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The Science of Breath - Some Suggestions for Yoga Teachers

Updated: Oct 2, 2023

Breathe. It's a simple yet profound act that we perform roughly 25,000 times a day, and yet many of your students take it for granted. In recent times, however, the importance of conscious breathing has gained well-deserved attention. James Nestor, the author of "Breath: The New Science of a Lost Art," has highlighted how our breathing habits have changed and how mastering the art of proper breathing can positively impact our overall health. As yoga teachers, understanding the science and art of breathing is pivotal to our teaching. In this blog post, we will explore how mindful breathing can elevate not only our yoga practice but also the lives of our students.

1. The Breath-Mind Connection

In the wake of the COVID-19 pandemic, more people are recognizing the significance of their breath. The way we breathe affects us at a cellular level, influencing various aspects of our health, including weight, athletic performance, allergies, mood, and stress levels. As yoga teachers, it is our responsibility to help our students understand the profound connection between breath and well-being.

  • Teach your students to breathe through their noses, as nasal breathing filters, heats, and treats the air. It also increases oxygen intake and raises nitric oxide levels, which enhances circulation and influences immune function, weight, and mood. Breathing through the mouth has uses and benefits too - think about releasing an exhale through pursed lips and the relaxing effect that has.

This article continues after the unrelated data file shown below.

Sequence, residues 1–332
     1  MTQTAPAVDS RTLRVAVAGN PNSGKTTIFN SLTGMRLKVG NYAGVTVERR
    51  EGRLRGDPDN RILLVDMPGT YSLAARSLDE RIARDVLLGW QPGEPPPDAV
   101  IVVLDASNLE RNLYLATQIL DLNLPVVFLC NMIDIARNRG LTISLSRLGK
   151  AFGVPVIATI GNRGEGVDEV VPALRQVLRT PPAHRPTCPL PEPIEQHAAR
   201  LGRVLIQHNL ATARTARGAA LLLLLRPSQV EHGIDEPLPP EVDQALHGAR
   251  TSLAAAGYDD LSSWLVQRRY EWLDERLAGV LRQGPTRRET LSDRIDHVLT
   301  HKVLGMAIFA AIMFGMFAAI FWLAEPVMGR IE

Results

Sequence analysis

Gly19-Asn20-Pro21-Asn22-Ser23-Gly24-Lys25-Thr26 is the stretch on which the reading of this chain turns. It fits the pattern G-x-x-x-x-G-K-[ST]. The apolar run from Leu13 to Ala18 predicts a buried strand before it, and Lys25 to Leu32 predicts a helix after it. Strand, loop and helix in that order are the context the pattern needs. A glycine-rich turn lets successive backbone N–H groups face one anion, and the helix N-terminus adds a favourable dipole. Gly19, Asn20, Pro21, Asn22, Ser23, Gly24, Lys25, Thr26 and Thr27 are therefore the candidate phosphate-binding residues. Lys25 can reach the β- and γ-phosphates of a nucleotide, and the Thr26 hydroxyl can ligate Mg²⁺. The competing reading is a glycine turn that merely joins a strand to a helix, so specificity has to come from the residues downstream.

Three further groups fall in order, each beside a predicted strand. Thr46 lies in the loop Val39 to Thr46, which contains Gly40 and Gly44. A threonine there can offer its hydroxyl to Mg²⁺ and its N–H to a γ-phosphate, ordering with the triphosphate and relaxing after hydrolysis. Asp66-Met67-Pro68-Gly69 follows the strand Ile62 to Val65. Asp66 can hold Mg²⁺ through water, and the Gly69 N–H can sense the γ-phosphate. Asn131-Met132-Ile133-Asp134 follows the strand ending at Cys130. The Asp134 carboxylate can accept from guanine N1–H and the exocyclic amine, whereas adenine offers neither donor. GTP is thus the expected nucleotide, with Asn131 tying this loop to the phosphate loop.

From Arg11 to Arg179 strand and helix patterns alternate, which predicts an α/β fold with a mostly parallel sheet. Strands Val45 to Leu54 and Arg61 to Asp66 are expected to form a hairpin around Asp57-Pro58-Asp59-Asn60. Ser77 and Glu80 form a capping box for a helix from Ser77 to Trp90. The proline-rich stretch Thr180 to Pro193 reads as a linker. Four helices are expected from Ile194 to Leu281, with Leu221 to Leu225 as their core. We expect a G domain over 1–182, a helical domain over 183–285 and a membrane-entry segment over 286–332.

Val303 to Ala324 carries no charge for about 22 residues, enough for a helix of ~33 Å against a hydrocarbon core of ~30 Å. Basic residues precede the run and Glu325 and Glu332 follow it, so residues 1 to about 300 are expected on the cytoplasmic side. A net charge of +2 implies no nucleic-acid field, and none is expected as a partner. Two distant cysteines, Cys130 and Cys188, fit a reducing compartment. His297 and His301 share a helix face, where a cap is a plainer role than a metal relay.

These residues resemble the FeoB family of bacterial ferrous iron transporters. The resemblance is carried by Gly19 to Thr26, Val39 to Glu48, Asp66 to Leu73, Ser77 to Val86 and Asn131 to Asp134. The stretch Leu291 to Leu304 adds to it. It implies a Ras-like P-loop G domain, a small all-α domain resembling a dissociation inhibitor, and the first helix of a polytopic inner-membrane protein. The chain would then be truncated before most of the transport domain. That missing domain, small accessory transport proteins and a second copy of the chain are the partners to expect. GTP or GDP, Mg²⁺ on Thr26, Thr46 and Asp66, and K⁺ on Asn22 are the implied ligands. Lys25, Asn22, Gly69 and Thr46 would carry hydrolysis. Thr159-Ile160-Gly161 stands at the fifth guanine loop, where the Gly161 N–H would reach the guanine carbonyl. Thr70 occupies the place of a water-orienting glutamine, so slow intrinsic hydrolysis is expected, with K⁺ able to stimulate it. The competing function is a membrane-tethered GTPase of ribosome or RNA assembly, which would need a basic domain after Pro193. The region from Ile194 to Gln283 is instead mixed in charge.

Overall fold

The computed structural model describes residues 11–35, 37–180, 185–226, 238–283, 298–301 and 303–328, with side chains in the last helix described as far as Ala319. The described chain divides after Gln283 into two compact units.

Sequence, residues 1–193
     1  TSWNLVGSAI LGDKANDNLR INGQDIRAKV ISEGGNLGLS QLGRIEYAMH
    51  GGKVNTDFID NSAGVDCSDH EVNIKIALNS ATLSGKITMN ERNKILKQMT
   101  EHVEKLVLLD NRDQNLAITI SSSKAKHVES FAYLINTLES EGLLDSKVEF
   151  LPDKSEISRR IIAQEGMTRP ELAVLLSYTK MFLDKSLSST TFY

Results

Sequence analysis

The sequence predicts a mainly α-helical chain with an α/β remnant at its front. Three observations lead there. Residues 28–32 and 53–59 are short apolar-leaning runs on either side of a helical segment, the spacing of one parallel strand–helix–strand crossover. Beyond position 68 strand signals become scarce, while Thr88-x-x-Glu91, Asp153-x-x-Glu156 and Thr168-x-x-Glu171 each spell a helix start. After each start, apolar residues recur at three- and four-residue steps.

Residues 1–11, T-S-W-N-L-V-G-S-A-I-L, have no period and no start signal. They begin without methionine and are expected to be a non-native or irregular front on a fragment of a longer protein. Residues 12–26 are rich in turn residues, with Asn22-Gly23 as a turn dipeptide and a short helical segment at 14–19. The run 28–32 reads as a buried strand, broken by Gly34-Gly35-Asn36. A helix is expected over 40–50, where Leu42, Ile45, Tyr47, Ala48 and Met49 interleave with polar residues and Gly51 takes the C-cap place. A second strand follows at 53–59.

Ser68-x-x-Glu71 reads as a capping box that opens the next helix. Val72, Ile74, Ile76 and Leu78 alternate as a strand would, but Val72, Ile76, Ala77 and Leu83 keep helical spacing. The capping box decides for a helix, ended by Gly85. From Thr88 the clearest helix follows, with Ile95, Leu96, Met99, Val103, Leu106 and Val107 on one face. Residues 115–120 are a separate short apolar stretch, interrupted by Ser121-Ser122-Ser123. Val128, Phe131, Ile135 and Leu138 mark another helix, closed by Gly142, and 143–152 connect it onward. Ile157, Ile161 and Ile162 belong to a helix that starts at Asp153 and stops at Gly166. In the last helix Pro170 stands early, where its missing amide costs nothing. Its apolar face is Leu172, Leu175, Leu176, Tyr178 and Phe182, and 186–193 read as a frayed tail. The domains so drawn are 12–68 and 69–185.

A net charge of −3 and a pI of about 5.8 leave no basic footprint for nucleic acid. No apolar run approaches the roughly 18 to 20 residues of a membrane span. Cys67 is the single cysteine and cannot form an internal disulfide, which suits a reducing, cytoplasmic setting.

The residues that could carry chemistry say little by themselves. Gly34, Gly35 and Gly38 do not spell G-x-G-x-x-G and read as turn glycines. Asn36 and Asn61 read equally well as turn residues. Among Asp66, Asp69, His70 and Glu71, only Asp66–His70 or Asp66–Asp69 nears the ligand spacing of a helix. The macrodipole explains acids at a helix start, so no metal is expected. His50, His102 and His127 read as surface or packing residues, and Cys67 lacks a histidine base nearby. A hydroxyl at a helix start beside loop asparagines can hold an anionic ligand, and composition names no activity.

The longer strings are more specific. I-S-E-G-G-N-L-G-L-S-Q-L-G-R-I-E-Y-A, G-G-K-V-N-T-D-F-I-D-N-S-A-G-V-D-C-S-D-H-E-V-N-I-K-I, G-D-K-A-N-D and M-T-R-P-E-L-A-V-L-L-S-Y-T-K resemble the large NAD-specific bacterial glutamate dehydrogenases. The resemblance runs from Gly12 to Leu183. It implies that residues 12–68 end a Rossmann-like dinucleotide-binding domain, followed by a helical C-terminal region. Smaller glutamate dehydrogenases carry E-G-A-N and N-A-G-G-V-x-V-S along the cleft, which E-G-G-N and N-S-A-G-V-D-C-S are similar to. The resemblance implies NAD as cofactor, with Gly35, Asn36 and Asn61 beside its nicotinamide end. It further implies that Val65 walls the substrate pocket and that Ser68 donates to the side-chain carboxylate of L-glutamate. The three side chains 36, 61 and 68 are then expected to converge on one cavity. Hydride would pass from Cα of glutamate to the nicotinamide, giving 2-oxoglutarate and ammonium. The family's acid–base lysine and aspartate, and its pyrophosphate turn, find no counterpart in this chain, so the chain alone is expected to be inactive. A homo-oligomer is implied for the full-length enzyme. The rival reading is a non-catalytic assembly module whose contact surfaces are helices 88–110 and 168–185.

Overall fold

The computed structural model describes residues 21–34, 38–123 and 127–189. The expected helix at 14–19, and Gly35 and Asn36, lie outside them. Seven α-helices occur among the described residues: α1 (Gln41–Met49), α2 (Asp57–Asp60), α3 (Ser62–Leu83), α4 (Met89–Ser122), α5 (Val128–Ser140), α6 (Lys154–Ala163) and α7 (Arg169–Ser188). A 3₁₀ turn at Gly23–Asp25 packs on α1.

• Yoga offers help for congestion in the form of neti pots, or even the inhalation of essential oils like eucalyptus or peppermint.

2. Deepen the Breath

In our daily lives, we often engage only a fraction of our diaphragm, leading to shallow chest breathing. This shallow breathing can strain muscles, burden the heart, and keep us in a state of constant stress. Diaphragmatic breathing, sometimes referred to as belly breathing, can retrain students to breathe deeply, allowing their bodies to absorb more oxygen and nudge their nervous systems towards a more restful state.

  • Teach your students belly breathing techniques. Have them lie flat on their backs with one hand on their chest and the other on their belly, focusing on expanding the abdomen while inhaling through the nose. This technique not only promotes deep breathing but also helps in reducing stress.

  • Encourage your students to incorporate mindful belly breathing into their daily routines, whether they are lying down, sitting, or standing.

3. Release Upper Body Tension

Many of our students unknowingly hold tension in their upper bodies, which can restrict their ability to breathe deeply and comfortably. As yoga teachers, we can guide them in relieving this tension through simple exercises.